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    1. That's what I was thinking as I toured! (the Watts Towers comparison)

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  14. Oooh...this made my day. I have always been drawn to these kinds of passion projects. I have a book called 'Handmade Houses' from the Hippie days when many people were taking to the woods and crafting their own fantasy dwellings.

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    1. Oh that book looks like fun! Someone else mentioned it to me as well, guess it's time to pull up the multnomah county library site...

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  15. Wow-ee. I usually have o go to Spokane on business once or twice a year, and the company that I do business with is Jensen Distribution Services..I wonder if this dude is related to that family ? What a place..I would love to see it in person !

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    1. Let me know next time you're headed that way and I'll tell you exactly where it is. You'll need a car though as I see Jensen Distribution Services is west of Spokane and this is east, out in the Valley.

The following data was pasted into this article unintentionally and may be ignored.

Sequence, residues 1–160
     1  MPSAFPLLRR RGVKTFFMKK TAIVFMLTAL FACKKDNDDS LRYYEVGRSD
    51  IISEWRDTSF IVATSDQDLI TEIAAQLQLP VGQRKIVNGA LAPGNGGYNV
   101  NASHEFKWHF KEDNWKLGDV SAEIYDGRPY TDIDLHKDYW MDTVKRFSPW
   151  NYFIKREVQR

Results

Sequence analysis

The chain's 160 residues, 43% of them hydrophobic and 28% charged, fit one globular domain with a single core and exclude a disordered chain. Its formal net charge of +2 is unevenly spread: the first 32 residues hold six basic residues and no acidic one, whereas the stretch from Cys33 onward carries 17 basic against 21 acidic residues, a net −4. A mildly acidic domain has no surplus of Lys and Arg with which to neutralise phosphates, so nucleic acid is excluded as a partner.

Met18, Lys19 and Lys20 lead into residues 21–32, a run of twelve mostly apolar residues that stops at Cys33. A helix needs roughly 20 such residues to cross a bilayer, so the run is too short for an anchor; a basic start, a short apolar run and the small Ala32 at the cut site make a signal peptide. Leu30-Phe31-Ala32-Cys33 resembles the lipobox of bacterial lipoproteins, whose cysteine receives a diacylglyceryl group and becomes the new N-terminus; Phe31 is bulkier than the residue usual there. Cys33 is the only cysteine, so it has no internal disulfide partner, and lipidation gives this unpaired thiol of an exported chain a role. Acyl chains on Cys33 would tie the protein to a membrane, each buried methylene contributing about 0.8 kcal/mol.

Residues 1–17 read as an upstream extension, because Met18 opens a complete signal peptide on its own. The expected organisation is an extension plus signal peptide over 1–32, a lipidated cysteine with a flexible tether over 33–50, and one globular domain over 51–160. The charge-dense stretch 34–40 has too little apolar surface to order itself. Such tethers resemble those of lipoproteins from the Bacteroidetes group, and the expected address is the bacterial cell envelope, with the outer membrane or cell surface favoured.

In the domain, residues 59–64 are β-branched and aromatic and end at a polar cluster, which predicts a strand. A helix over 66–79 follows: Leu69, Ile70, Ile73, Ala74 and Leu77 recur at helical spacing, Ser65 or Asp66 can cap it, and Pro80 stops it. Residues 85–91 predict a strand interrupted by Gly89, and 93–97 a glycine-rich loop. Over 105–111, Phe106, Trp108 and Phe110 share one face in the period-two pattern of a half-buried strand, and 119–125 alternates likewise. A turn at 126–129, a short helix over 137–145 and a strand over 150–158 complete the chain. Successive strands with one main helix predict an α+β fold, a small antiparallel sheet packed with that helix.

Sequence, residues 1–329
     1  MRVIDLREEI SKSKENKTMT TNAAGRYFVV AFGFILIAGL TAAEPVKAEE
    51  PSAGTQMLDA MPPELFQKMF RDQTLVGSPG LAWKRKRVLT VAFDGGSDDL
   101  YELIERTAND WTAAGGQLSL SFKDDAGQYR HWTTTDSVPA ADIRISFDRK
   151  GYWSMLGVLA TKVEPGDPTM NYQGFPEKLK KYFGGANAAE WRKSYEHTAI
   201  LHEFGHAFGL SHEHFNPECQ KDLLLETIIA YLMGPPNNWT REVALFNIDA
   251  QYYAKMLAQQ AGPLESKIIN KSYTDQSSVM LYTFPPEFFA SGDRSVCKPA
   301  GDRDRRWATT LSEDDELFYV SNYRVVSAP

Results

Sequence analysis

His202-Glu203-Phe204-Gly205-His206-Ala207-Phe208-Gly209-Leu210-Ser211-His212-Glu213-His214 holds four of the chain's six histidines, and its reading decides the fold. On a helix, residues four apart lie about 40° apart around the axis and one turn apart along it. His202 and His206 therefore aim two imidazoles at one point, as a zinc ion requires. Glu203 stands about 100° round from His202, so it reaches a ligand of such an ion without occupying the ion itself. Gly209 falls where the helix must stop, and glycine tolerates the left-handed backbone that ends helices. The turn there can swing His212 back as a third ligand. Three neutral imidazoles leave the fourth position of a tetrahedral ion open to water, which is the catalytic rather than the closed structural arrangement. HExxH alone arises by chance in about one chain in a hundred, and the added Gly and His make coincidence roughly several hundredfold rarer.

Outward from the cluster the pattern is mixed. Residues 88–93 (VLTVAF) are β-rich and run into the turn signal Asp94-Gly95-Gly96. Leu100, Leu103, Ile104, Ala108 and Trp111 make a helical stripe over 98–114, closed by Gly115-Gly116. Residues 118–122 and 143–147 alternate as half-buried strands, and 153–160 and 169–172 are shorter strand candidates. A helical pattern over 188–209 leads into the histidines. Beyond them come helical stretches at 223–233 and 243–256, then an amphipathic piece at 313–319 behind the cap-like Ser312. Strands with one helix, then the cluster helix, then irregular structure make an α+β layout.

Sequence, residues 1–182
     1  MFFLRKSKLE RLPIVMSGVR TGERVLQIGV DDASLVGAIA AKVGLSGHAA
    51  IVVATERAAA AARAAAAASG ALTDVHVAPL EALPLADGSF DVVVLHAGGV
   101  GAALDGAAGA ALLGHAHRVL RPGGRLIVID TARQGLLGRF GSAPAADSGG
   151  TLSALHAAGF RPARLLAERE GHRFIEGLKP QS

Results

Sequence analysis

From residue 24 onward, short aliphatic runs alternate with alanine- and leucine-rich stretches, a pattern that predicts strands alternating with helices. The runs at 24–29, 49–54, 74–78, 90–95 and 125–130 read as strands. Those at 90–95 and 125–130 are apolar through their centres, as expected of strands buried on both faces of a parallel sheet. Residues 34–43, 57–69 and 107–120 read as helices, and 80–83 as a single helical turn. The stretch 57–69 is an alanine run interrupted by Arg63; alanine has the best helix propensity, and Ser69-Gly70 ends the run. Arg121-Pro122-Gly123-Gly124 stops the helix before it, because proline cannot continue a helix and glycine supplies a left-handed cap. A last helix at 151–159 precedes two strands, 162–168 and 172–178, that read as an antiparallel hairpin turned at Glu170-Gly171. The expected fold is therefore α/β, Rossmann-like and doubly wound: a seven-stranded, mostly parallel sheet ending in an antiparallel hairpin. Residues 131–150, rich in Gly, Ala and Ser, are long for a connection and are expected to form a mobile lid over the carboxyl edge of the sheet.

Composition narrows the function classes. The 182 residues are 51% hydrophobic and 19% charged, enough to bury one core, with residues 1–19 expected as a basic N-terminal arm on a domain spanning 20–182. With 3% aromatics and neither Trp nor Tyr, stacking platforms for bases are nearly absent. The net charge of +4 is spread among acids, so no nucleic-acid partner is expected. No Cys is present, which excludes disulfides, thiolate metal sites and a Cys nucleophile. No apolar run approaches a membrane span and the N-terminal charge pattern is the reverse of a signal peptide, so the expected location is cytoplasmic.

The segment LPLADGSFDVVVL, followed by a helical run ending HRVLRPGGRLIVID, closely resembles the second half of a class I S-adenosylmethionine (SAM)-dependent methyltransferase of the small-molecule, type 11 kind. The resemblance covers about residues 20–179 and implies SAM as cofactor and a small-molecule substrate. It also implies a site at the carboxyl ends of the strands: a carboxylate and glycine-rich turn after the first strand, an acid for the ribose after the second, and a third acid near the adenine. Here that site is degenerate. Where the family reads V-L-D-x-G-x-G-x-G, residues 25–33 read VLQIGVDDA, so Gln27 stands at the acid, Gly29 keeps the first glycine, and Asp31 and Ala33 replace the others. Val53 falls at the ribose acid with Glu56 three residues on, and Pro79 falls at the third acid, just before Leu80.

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  16. Thank goodness for artists, can you imagine how boring life would be without them?

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    1. Yes ma'm, and that's why I married one.

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  17. Lucky you to get a personal tour. Did you encourage him to eliminate that English Ivy before it covered his creation?

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    1. Haha, no...I try not to be too preachy in other people's gardens.

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  18. I love this a lot. Thanks for sharing it, and thanks for having such a great celebratory editorial viewpoint with it!

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    1. Glad you enjoyed it LeLo, I feel lucky to have been there.

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  19. Wow, that takes courage! Fascinating.